If there is one person in the industry who is constantly looking at how search and social are being combined and what signals there are in the industry which indicate further synergy, it’s Eric Enge.
Eric recently had an extensive interview with Google’s Matt Cutts and currently Eric is doing a series of short interviews with Bing’s Director of Search Stefan Weitz. In several short videos he talks to Weitz about different search and social related topics.
In the first two videos (you can see them below) Weitz commented on Social Signals (in a talk from last July), partnerships, Quora and Social Data sets. It gives us an interesting insight into Bing’s Social Search strategy, which is clearly different than the route Google is taking. And it might be a better route as well.
In the first video Stefan and Eric talk about social signals. What stands out here is the biggest difference with Google. Where Google is trying to figure out the social signals themselves, by connecting dots and by using data from their Google+ platform, Bing has taken the route of integrating information from different channels. We know about Facebook data off course, but Stefan also highlights the cooperation Bing has with Linkedin, Foursquare and Quora (in the second video).
And with these tools Bing tries not to ‘just’ look at your friends and what they are doing, but they are trying to take it one step further:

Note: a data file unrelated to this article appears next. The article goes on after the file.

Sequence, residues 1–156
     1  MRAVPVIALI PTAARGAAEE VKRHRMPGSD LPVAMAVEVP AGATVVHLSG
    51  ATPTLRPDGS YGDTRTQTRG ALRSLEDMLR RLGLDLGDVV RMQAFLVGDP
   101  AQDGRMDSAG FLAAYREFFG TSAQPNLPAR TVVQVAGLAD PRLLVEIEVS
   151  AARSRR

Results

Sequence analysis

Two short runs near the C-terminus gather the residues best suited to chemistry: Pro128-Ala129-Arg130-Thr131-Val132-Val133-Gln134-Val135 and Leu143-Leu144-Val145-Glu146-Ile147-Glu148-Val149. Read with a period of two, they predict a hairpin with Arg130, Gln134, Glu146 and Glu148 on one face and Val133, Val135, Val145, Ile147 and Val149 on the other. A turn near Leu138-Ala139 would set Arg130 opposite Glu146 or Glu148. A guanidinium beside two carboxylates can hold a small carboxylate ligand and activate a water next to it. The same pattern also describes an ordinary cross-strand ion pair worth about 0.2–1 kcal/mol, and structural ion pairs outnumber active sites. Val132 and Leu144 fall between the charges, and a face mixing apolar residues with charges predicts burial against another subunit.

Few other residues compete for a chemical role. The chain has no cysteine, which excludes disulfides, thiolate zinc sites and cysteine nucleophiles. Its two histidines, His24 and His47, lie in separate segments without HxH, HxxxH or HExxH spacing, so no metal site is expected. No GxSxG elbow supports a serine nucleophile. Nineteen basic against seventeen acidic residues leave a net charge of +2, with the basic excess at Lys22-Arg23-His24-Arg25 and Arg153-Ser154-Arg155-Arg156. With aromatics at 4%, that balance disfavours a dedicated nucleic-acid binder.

“what happens with Foursquare, it’s not necessarily that your friends checked in there. That’s potentially interesting, but what we’re actually displaying are tips about the venues that you’re looking at.
If you search for Italian pizza in Chicago, for example, we may show some tips from people who have gone to places in Chicago serving Italian pizza and actually give you the idea about what to do in those particular places.”
Taking the route Bing does is an interesting one. As Eric points out, “This social data source has been out there for a while”. People are used to working with Facebook, Twitter and even Foursquare or Quora. Which means that people are ‘at ease’ with the social tools and will share better content on there. Combining this information seems to be much more valuable than the information which comes out of Google+ for example.
Bing is ‘opening up’ data Weitz says:
“I think what’s so exciting about all of these social signals, and all of these social sources, is that so much of what those social signals actually are bringing are things that were previously trapped inside your head.”
Off course it is difficult to put a value on some of the data which people are sharing. Eric and Stefan for example talk about the value of a “like”, is there any value? To a certain extend, says Weitz:
“The likes are a good signal, but they’re not a granular signal of what particular thing you’re actually expressing a like about.”
In the second video Eric and Stefan specifically focus on the integration of Quora. Recently Bing added Quora to the social sidebar, which makes that it shows if your friends have answered any questions on specific topics you are searching for.
This means you will get extra information on a specific topic, which in a way is what Google is trying to do with Knowledge Graph. Bing however is keeping it on a much more social level and a less intrusive level.
Both videos give some nice insights into where Bing is heading and which route it is taking. A much different route than Google, and one might argue it’s a better route. They do need more users however to become that competitor of Google we desperately are seeking.
Watch both video’s below and listen to the exact things Stefan Weitz had to say to Eric Enge and learn that there is much more coming from Bing.